More Than Just Shy: About Social Anxiety
What is Social Anxiety?
At one time or another, all of us, even the most social bons vivants out there, have been struck by feelings of awkwardness, felt at a loss of what to say in conversation, or experienced the urge to leave a social situation. You may have felt tongue tied, anxious, or shy for a variety of reasons.
Perhaps, however, you experience significant anxiety and distress when having a one-on-one conversation, presenting as a speaker, or even being observed while eating. You may notice upsetting thoughts about whether or not others are scrutinizing or judging you negatively. It doesn't really matter whether or not people are actually judging you, it is impossible not to think that they are. And, the worst part of having social anxiety is that you avoid social situations that you know would be good for you. You skip parties, work events, public speaking opportunities or other engagements because the fear and overwhelming thoughts will be just too much.
Introversion vs. Social Anxiety
It's important to differentiate between having social anxiety and being introverted. While they may have similar features, introversion is actually a personality style or temperament. Think of it as a way of being in the world that is consistent over time. If you are introverted, you probably have been since childhood and it doesn't necessarily get in the way of you going to parties, talking to people or speaking in public, but it does influence your style of interaction. You may have a style of speech that is more reserved, you may notice that being in social situations uses up your energy rather than recharges your batteries, or you may really relish alone time as an important aspect of your self-care. Social situations may not always be comfortable or your favorite thing, but you don't necessarily dread them either.
How do you deal with social anxiety?
First, consider what matters to you by getting clear on your values. Often, social anxiety is most problematic because of the things you might avoid or miss out on in order to not have the social anxiety. What is important in your life and how could you live your life more fully if you didn't have the social anxiety? It could be that you want to be able to speak up at work meetings to advance your career, go out on a date with someone, or just dance in public. Explore what is missing from your life and keeps you feeling like you are stuck.
Skill Building and Preparation
Mastering social skills and preparing yourself for social situations is also very important. There are a variety of ways to do this. If you find conversations difficult, identifying several conversation topics in advance that you feel comfortable talking about can help boost your confidence. Don't just identify the topics, however, create some bullet points of things you would like to say. Then, prepare by finding a trusted friend or family member and practice conversing. Experience what it is like to have lulls in conversation, engage in dialog and ask questions of others - these are all skills that you can develop and practice. There are also social skills groups out there for developing and practicing these skills. Working with a therapist can help here too!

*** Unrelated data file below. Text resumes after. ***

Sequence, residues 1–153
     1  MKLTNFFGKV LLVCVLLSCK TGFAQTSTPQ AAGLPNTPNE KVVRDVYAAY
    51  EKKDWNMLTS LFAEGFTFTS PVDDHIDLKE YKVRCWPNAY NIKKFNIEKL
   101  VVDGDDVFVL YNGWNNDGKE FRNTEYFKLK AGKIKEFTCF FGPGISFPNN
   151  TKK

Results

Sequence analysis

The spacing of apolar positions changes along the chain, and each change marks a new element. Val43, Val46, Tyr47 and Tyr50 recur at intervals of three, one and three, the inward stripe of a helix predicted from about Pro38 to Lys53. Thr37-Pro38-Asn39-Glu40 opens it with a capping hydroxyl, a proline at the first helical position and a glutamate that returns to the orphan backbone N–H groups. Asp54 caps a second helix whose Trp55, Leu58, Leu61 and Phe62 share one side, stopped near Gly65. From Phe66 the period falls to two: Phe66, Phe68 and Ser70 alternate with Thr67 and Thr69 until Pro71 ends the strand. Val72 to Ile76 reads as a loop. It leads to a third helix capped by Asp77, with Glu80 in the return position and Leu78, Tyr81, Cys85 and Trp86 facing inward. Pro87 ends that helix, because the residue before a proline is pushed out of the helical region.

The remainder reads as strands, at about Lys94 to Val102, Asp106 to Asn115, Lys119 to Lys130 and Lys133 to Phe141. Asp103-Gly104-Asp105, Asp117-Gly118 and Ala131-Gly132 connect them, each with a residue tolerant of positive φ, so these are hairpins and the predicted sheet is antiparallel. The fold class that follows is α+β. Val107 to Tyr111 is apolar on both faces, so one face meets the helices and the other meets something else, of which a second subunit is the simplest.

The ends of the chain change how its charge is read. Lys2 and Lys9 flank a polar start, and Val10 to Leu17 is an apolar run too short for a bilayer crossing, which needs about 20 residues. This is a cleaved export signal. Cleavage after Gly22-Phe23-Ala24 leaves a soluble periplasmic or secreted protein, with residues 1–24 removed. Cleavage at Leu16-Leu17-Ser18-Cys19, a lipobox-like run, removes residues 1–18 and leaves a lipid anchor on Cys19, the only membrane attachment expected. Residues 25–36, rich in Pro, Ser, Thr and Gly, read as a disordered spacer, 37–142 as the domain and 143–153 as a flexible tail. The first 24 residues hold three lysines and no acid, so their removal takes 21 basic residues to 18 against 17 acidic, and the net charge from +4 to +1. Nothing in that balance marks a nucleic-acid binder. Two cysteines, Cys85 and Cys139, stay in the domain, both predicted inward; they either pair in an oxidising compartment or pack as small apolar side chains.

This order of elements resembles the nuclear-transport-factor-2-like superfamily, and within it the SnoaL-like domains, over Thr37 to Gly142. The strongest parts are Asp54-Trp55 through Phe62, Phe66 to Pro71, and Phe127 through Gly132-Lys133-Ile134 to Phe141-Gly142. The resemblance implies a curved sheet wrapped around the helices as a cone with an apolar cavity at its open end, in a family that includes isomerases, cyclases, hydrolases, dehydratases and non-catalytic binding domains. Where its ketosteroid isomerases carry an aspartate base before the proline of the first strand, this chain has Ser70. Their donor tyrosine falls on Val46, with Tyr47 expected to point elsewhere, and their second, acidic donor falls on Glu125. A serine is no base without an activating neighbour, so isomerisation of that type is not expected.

For some types of social anxiety, getting one-on-one training or taking a class can be helpful in building confidence. If you have social anxiety around going to the gym, engaging a trainer in a private setting can be a good place to start. Toastmasters is a great organization for building public speaking skills. Taking a dance, improv or etiquette class can help build skills and boost confidence in areas where you experience anxiety and fear judgment of others.
Change Your Relationship to Your Internal Experience
Even after you've built some skills or practiced with friends, you will still have to relate to the anxious thoughts and feelings that might come up, as well as the urge to avoid social situations.
Accept your internal experience.
Identifying ways to sooth yourself and relax in social situations is often very important. Breathing is your best friend here. Try practicing relaxation breathing in anticipation of and during social events. Mindfulness around what is going on inside can also be helpful. Understanding that you can experience anxiety and still engage in a social situation can be useful. Getting in touch with your body in the moment you are feeling overwhelmed by social anxiety may keep you engaged longer.
Relate to your thoughts differently.
Often social anxiety includes challenging thoughts: "I can't believe I said that - they must think I'm an idiot!" "This conversation is awful! I don't know what to say!" "Everyone is watching me!" Learning to have thoughts and not buy into them (especially since they aren't likely true) is an important skill to cultivate. Keeping track of the thoughts that occur when you are anxious in social situations can allow you to start noticing them for what they really are - just thoughts.
Urge surfing can help as well.
In a previous post I wrote about urge surfing. I think it can be a useful tool here. Many times social anxiety leads to avoidance. When anxiety spikes, you may notice the urge to exit a situation, not enter a new situation, or stay quiet in a conversation. Learning to have an urge and not give into it can be very useful. Urge surfing is a practice of noticing and having the urge and maintaining curiosity around it, rather than give into it.
Finally, sometimes more support is necessary to move forward and have a richer and fuller life when social anxiety shows up. Working with a therapist can be a good way to build skills and relate to anxiety differently, especially for identifying approaches to relating to anxious thoughts in a flexible way that allows you to do what matters to you.